Zimbabwe opposition claims victory in presidential pollApril 3rd, 2008 - 12:22 am ICT by admin
Harare, April 2 (DPA) Zimbabwe’s opposition Movement for Democratic Change (MDC) Wednesday claimed victory and rejected the need for a second round of voting in the tense presidential contest between MDC leader Morgan Tsvangirai and long-time President Robert Mugabe. But a second round of voting, which the constitution calls for in the event neither candidate takes more than 50 percent, appeared likely after state media declared the two men were headed for a tie.
The MDC said it would participate in a runoff if needed, albeit “under protest”.
The MDC claimed victory based on their own count of results from Saturday’s combined presidential, parliamentary and local elections posted outside polling stations since Sunday.
The results showed “that Morgan Richard Tsvangirai is the next president of the Republic of Zimbabwe without (the need for) a runoff (vote),” MDC secretary-general Tendai Biti told a press conference in Harare to a huge applause.
Bright Matonga, a government spokesman, called the MDC declaration “a mischievous way to instigate an uprising” and warned the party to be “very careful”.
The MDC’s victory claim differs from its earlier such claims in that it is based on collated results from all polling stations, not just a sample.
Biti said Tsvangirai, 56, had taken 50.3 percent of the vote, against 43.8 percent for longtime President Robert Mugabe, 84, and 7 percent for former finance minister Simba Makoni, 58. It was not clear why their figures exceeded 100 percent.
The state-controlled Zimbabwe Electoral Commission has defied strident calls from the international community to release results from the presidential vote.
But the state-run Herald newspaper appeared to be preparing Zimbabweans for a runoff, noting results from the parliamentary election also held Saturday showed Mugabe’s Zanu-PF and the MDC headed for a tie in the 210-seat House of Assembly.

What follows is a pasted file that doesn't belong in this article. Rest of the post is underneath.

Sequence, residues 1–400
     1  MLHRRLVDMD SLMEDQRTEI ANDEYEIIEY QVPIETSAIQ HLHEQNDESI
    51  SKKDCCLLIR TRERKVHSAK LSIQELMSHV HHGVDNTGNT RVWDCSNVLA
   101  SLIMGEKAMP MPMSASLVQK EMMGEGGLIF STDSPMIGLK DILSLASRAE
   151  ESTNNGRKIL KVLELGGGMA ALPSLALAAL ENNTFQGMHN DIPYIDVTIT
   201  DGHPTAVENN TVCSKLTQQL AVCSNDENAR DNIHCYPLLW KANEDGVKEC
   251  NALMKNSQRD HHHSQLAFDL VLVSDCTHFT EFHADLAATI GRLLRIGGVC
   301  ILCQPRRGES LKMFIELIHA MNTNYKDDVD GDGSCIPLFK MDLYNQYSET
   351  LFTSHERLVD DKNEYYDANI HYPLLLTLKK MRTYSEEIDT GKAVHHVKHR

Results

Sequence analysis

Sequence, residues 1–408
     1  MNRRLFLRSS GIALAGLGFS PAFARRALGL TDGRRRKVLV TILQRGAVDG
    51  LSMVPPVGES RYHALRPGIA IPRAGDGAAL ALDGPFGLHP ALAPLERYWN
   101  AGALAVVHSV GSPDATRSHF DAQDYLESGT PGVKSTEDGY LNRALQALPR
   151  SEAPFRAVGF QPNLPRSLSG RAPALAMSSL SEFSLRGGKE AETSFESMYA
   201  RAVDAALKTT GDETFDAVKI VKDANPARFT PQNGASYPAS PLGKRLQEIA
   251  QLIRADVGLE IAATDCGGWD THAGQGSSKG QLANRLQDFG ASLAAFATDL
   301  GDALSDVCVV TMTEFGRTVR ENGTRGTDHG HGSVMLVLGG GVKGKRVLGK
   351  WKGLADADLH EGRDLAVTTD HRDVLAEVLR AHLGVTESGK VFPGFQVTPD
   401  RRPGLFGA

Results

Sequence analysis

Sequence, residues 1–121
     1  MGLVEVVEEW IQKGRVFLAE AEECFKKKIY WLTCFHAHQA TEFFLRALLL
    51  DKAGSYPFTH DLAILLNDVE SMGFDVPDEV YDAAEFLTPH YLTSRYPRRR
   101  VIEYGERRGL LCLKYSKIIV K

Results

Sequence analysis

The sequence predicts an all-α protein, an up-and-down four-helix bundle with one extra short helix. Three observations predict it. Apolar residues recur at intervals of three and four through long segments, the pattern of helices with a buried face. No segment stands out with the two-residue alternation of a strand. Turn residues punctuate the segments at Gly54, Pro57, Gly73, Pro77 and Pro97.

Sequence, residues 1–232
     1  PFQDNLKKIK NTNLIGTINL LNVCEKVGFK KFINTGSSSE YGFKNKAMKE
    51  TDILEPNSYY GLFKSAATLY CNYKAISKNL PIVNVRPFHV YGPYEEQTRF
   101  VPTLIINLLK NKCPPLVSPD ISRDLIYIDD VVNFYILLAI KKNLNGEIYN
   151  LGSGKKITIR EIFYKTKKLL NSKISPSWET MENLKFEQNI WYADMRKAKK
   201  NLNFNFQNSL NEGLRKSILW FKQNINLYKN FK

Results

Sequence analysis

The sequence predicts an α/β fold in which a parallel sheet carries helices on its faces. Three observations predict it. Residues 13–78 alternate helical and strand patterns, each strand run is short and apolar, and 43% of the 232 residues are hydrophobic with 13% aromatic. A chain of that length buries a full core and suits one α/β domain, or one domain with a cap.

Biti said the MDC, because it considers it has an outright majority, would take part in a second round “under protest”, but preferred to spare Mugabe the “humiliation”.
The MDC quoted an estimate produced by the independent Zimbabwe Election Support Network to back up its win claim.
Sources close to the MDC said Tuesday that the MDC, Zanu-PF and the military were in talks on the election outcome but the government and Tsvangirai have rejected rumours a deal had been struck on Mugabe’s exit.
The US earlier stopped short of calling on Mugabe to step aside but said it was “clear the people of Zimbabwe have voted for change”.
British Foreign Secretary David Miliband told his parliament that any runoff vote would have to meet the standards of the 14-nation Southern African Development Community, with whom Britain “remains in contact” about the Zimbabwe situation.
As tension mounts in Zimbabwe, South Africa’s Nobel Peace Prize winner Archbishop Desmond Tutu called for all sides to avoid bloodshed.
“The people of Zimbabwe have suffered enough,” he said in a BBC interview, suggesting a peacekeeping mission should be sent to the southern African country.
Saturday’s elections, which got a qualified thumbs-up from African observers despite widespread irregularities, including the presence of police in polling stations, was seen mainly as a vote on the economic chaos wrought by Mugabe’s populist policies, which have resulted in 100,000-percent inflation and brought millions to the brink of starvation.
Mugabe has been ruling Zimbabwe since the country’s independence in 1980.
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